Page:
Shovels in the ground by summer, and a brand new ice rink by Sept. 2013.
That’s what Brooke Biscoe, chair of the Leaside Gardens’ board of management is forecasting now that council has approved a final loan to start work on the much-anticipated second rink pad in Leaside.
After years of fundraising by the community, council secured $9 million in loans to get the $12.5 million project off the ground. The item was part of the 2012 capital budget, which was approved without debate on Jan. 17.
“We have all the financing in place to start construction in the summer,” Biscoe said.
Under the approved plan the city will borrow $7.5 million for the rink, which will be paid back through a revenue stream of user fees. An additional $1.5 million loan is coming from Infrastructure Ontario.
The three groups expected to use the second rink — the Leaside Hockey Association, Toronto Leaside Girls Hockey Association and the Leaside Skating Club — have already agreed to rent the facility and pay the permit fees, local councillor John Parker said days before the budget was set to go before council.
“We needed to have those commitments in writing and signed before the city would agree to borrow a nickel,” he said.
Incidentally, Parker had another bit of good news to share on Budget Day: The chair of the East York Foundation, the body responsible for collecting fundraising cash on behalf of the arena, sent a letter informing him that all $2.5 million the community was expected to raise was in the bank.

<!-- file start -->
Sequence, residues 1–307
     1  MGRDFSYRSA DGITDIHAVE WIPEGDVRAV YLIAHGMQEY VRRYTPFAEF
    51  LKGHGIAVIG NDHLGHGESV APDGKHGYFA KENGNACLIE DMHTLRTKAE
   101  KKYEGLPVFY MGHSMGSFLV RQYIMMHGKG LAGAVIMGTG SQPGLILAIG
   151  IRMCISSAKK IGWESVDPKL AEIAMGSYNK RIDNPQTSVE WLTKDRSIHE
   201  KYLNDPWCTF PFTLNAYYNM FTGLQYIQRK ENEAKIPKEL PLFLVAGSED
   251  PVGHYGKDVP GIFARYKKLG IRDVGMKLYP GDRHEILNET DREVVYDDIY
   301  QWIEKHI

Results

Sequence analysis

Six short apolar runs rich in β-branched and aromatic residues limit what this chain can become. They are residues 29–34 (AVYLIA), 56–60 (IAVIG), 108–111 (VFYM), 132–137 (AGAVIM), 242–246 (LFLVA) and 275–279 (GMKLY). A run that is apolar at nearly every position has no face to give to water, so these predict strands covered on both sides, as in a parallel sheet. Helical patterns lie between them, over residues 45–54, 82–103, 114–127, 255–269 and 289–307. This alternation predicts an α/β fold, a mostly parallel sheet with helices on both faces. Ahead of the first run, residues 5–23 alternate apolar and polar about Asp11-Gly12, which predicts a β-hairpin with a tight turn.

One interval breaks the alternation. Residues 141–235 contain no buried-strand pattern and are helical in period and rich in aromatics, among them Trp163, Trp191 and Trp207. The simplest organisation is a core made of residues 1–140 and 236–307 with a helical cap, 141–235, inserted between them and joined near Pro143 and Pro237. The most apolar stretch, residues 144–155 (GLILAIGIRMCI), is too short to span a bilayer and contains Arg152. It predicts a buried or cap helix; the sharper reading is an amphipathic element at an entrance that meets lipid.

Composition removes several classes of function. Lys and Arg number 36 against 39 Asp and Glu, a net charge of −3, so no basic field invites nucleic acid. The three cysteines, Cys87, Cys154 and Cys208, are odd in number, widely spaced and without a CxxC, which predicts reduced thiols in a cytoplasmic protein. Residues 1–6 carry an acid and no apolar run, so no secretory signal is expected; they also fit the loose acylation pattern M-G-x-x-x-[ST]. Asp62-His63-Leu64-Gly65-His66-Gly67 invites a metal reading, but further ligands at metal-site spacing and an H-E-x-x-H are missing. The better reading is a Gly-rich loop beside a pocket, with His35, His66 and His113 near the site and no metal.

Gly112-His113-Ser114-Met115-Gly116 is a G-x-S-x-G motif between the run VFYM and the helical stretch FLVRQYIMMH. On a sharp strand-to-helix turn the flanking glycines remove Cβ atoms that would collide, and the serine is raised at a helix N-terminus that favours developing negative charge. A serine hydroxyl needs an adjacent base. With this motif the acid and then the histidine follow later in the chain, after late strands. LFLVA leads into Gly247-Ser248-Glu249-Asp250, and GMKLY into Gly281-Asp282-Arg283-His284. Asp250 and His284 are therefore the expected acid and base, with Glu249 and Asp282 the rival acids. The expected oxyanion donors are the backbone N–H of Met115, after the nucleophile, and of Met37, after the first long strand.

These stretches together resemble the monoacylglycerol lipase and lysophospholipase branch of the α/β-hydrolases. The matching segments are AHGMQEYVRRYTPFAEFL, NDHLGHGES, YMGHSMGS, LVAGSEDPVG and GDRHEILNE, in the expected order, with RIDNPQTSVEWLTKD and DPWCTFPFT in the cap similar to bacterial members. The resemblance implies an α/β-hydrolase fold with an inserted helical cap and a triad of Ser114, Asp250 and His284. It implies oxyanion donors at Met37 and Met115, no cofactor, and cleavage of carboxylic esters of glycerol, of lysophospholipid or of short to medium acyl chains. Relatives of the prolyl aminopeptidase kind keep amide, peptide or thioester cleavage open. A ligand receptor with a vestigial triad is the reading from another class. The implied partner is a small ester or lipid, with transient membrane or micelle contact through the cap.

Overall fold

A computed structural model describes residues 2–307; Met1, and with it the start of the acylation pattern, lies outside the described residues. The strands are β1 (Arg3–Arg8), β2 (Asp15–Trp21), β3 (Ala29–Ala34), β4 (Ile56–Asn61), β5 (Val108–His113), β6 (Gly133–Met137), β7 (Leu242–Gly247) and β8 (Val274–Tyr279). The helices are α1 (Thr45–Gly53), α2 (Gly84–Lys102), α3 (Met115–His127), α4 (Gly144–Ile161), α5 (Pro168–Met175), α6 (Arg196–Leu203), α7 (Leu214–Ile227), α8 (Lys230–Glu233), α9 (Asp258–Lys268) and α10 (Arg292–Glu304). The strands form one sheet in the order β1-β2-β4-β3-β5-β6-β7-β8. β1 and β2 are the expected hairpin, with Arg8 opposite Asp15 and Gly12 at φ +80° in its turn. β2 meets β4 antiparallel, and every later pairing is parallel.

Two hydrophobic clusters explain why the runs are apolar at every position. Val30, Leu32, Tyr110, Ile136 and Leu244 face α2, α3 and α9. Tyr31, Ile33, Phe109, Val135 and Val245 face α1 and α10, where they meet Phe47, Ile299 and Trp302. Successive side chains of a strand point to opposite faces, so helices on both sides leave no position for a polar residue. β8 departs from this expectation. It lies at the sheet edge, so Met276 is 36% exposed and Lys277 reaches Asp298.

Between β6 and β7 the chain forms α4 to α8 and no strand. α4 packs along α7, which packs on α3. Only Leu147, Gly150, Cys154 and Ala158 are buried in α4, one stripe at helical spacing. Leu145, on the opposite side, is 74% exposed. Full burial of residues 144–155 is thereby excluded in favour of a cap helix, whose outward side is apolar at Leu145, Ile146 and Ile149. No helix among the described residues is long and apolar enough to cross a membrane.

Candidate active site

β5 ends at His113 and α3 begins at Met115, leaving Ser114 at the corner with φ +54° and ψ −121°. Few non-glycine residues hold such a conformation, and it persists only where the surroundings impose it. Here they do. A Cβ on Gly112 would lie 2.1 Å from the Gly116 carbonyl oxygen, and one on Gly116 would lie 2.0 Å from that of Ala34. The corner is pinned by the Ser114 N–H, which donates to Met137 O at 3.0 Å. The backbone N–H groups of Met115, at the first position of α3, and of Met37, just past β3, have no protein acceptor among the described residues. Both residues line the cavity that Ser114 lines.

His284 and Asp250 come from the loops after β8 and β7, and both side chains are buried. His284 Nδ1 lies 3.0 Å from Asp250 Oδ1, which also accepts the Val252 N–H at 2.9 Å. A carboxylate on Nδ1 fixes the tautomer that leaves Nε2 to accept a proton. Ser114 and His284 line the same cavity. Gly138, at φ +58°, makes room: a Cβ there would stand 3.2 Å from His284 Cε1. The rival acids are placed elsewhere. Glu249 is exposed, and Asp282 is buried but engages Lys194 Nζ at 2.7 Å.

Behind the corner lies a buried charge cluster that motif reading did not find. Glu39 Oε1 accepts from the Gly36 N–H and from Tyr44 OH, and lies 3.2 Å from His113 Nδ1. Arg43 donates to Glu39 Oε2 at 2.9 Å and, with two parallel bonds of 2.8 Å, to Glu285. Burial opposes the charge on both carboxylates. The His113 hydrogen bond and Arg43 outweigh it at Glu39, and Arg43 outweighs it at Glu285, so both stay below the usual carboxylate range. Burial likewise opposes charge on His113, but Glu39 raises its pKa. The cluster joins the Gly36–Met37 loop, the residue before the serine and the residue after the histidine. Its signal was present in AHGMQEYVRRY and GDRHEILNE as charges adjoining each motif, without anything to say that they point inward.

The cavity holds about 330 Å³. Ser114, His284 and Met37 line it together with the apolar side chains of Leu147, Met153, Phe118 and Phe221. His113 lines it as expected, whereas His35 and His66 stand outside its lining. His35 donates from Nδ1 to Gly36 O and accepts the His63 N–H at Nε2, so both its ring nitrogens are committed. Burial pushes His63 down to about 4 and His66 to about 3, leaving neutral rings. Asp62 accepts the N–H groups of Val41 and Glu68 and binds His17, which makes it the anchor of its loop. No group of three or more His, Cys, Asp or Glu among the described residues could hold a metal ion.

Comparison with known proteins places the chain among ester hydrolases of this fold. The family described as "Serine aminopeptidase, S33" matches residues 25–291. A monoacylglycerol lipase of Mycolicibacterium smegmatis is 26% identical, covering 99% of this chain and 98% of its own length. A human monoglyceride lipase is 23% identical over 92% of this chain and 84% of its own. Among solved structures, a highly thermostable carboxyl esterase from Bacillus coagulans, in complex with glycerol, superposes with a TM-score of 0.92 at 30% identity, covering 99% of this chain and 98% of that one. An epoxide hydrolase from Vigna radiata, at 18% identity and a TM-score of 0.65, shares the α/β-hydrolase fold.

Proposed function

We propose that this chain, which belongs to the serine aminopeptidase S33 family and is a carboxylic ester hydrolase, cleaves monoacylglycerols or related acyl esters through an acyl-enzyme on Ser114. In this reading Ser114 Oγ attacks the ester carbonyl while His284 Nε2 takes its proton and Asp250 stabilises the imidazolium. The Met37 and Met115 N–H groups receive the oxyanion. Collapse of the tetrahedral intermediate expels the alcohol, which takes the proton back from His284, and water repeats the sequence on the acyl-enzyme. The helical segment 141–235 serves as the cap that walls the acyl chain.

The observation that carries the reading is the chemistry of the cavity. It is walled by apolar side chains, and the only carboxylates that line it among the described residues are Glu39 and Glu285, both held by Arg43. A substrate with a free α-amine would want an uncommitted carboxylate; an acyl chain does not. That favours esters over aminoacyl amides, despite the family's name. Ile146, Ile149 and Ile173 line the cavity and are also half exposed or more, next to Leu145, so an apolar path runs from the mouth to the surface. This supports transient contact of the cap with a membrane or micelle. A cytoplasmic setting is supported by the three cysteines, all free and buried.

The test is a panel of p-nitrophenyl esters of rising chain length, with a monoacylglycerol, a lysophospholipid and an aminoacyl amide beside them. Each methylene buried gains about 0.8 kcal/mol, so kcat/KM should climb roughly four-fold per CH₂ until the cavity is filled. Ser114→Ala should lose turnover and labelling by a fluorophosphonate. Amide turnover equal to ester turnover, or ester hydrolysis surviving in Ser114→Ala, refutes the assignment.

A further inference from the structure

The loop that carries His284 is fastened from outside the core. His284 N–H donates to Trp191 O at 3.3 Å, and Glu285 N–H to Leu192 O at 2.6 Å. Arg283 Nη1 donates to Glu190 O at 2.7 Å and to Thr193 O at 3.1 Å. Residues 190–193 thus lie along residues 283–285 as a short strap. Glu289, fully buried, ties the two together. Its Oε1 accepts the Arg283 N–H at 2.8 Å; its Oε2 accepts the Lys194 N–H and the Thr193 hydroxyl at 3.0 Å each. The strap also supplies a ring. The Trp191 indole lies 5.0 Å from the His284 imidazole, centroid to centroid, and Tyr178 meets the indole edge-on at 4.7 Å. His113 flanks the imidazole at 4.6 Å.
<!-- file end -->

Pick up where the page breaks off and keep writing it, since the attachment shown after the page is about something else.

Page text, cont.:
“The local community has come through and today council came through, so now what remains is to put the finishing touches on the design, put it out to tender and solicit bids,” Parker said.
However, prior to the vote some councillors questioned the fairness of such a funding scheme, saying the potential higher-than-average permit rates, set by arena boards of management, mean other groups across the city waiting for prime-time ice won’t be able to make use of the rink.
Beaches-East York rep Janet Davis said the funding mechanism ultimately makes it inaccessible to other potential users of the arena.
“What worries me … is that the fees that are going to be required to recover capital costs to build this facility … will put this rink beyond the reach of most of the hockey associations in our area — except Leaside,” she said.
Parker defended the model, asserting another sheet of ice in the city would relieve pressure on other city-owned arenas where there is high demand for ice time. Not building a rink, he said, won’t curb ice-time demand across the city, and particularly in the midtown corridor.
“We can guarantee equal access if we don’t build the rink,” he said.
The second ice pad at the Leaside Gardens arena will be the first new rink the city has built in 39 years.
Parker also noted the proposed equalized, blended rate for the two ice pads, which will vary depending on prime-time and off-peak hours, is still below commercial rink rates.
Meanwhile, Biscoe says fundraising will be ongoing, to help reduce the debt and keep the hourly rates as competitive as possible.
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